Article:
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Is seen not as a uniue phenomenon but as similar to the other frontier regions of the Roman Empire The Viking Age is viewed not only through the eyes of the invaded but from the standpoint of the invaders themselves Norse Danes and Normans In the later chapters Davies follows the growth of the United Kingdom and charts the rise and fall of the main pillars of 'Britishness' the Royal Navy the Westminster Parliament the Constitutional Monarchy the Aristocracy the British Empire. I m sorry to say I found this a big disappointment It starts off well enough the early chapters on the prehistory of the British Isles are very good brilliant almostbut it soon goes off and gets so progressively bad that in the end I couldn t finish it The problem is that Professor Davies hates the English and it really isn t possible to write a decent history of the British Isles if at every point you relish a racist put down I have read many of Davies s books and until now loved them all My disillusionment on finding that someone I have loved and admired actually hates me and all my tribe is therefore hugely upsetting Until the English actually arrive the hatred is concealed but the moment Hengist and Horsa swing on the scene we are treated to the poisonous invective of a seasoned Anglophobe It didn t have to be like this Jean Sans Terre as none of his subjects called King John was no a Frenchman than I am the Normans or Northmen were not of course ethnically French at all yet Professor Davies rubs his Frenchified moniker in our English faces at every opportunity And of course he hates the Church of England as an expression of English nationalism of course he would Davies loves all supranational non English institutions whether they are the Church of Rome or the European Union as the flip side to his hatred of everything Anglo Saxon I haven t been so disappointed since watching Edward I s Irish levies switch sides to the Jockinese in one of the battle scenes in the film Braveheart Ah Professor Davies I would follow you anywhere in your historical exploration of all things Polish or eastern European but in this book alas the cloven hoof peeps from under your Welsh hose and you show yourself to be just another chippy Celt Disrupted My Misadventure in the Start Up Bubble other frontier regions Microsoft Office Excel 2007 for Project Managers of the Roman Empire The Viking Age is viewed not Uncle Tom's Cabin; or, Life Among the Lowly only through the eyes Hawk's Passion of the invaded but from the standpoint Girls of Brackenhill of the invaders themselves Norse Danes and Normans In the later chapters Davies follows the growth A Beautiful Dark of the United Kingdom and charts the rise and fall After We Fell of the main pillars Damsels in Distress of 'Britishness' the Royal Navy the Westminster Parliament the Constitutional Monarchy the Aristocracy the British Empire. I m sorry to say I found this a big disappointment It starts The Thread off well enough the early chapters Renewing Pastoral Practice Trinitarian Perspectives on Pastoral Care And Counselling Explorations in Practical Pastoral and Empirical Theology Explorations Practical Pastoral and Empirical Theology on the prehistory Going Grand of the British Isles are very good brilliant almostbut it soon goes The Reject off and gets so progressively bad that in the end I couldn t finish it The problem is that Professor Davies hates the English and it really isn t possible to write a decent history Screenwalks of the British Isles if at every point you relish a racist put down I have read many Battle Ground of Davies s books and until now loved them all My disillusionment Rightfully the Alpha Female on finding that someone I have loved and admired actually hates me and all my tribe is therefore hugely upsetting Until the English actually arrive the hatred is concealed but the moment Hengist and Horsa swing Twin Obsessions on the scene we are treated to the poisonous invective Soulbinder (Spellslinger, of course ethnically French at all yet Professor Davies rubs his Frenchified moniker in Venus in the Cloister: or, the Nun in her Smock our English faces at every Витез заточнк opportunity And Semper Idem of England as an expression Holiday Roommates of English nationalism Second Chances of course he would Davies loves all supranational non English institutions whether they are the Church Mali pirat or the European Union as the flip side to his hatred Puck You of everything Anglo Saxon I haven t been so disappointed since watching Edward I s Irish levies switch sides to the Jockinese in Fret Work Step By Step one The Thirteenth Psalm of the battle scenes in the film Braveheart Ah Professor Davies I would follow you anywhere in your historical exploration Zelenbabini darovi of all things Polish Ruthless or eastern European but in this book alas the cloven hoof peeps from under your Welsh hose and you show yourself to be just another chippy Celt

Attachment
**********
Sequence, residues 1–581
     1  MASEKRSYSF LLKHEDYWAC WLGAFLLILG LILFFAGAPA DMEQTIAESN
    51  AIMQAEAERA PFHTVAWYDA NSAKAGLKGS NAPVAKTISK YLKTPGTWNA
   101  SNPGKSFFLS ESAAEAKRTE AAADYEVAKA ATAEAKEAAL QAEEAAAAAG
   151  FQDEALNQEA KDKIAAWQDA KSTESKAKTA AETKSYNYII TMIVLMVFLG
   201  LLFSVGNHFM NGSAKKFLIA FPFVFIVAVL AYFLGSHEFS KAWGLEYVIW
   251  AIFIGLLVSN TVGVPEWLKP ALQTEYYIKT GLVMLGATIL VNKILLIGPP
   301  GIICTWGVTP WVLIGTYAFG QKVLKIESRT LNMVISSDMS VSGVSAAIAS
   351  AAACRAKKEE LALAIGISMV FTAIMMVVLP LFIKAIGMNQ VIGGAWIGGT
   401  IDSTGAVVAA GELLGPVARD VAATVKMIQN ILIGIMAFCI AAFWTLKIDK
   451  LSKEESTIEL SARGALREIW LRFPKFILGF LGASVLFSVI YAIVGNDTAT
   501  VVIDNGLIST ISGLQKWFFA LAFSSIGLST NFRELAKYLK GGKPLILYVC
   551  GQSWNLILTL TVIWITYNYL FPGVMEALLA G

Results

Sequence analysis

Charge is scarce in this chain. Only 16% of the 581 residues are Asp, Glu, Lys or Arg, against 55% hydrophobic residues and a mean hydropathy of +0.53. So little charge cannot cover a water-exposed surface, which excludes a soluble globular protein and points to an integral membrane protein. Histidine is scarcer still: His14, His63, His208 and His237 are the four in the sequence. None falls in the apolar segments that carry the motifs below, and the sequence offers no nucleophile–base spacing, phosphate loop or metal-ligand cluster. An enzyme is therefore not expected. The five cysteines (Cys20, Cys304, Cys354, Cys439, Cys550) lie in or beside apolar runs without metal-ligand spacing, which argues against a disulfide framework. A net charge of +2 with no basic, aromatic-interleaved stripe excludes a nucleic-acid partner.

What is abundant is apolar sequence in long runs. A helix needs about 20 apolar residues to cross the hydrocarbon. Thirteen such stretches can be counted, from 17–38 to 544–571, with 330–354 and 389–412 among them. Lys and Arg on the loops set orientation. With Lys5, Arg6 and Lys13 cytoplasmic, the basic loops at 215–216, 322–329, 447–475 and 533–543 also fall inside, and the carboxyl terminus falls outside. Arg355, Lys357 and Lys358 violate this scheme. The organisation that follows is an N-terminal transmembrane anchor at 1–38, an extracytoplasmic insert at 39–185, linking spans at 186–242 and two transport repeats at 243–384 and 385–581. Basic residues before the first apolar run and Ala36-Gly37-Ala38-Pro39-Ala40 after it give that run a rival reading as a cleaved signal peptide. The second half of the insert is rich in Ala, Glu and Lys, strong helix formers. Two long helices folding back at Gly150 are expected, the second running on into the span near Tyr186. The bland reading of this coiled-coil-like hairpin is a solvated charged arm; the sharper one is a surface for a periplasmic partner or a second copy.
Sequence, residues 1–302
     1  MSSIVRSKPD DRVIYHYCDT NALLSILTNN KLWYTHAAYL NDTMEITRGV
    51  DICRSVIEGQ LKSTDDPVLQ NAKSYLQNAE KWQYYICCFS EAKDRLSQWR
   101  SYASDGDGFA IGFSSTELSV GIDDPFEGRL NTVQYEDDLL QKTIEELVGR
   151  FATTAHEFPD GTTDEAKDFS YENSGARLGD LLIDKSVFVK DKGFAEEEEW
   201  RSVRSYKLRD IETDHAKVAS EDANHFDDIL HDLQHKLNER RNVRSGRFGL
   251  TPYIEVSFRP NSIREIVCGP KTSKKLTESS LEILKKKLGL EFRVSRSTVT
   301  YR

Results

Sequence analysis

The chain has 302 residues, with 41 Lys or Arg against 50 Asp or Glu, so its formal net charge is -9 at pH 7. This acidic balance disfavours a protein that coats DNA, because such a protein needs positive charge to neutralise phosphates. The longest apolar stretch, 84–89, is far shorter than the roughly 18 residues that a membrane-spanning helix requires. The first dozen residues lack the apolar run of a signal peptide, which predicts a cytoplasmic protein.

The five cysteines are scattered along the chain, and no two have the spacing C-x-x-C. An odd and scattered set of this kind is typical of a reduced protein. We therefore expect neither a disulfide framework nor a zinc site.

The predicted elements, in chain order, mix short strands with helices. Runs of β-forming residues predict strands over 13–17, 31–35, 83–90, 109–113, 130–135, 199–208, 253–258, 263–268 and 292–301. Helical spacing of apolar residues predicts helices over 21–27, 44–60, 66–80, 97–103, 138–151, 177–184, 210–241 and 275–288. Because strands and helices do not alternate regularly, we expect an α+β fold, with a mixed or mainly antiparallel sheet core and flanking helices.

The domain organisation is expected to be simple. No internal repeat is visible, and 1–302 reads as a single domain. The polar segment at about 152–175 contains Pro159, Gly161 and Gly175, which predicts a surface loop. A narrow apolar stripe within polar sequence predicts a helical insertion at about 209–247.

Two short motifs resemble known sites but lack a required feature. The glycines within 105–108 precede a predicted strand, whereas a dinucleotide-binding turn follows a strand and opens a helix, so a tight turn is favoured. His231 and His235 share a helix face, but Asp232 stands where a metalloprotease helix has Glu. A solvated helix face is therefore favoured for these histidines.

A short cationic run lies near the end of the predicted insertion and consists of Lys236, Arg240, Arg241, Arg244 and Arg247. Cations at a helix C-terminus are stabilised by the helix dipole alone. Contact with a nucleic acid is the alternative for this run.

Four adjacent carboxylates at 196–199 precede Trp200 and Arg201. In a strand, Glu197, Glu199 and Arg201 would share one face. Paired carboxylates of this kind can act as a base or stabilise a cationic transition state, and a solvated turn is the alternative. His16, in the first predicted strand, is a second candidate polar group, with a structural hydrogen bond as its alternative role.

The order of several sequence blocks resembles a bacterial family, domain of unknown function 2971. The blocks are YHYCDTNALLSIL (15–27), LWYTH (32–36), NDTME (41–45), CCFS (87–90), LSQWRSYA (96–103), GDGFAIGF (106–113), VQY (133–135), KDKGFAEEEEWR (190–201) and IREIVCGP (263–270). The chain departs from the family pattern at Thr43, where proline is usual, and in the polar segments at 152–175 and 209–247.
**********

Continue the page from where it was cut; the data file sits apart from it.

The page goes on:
Norman Davies ì 8 review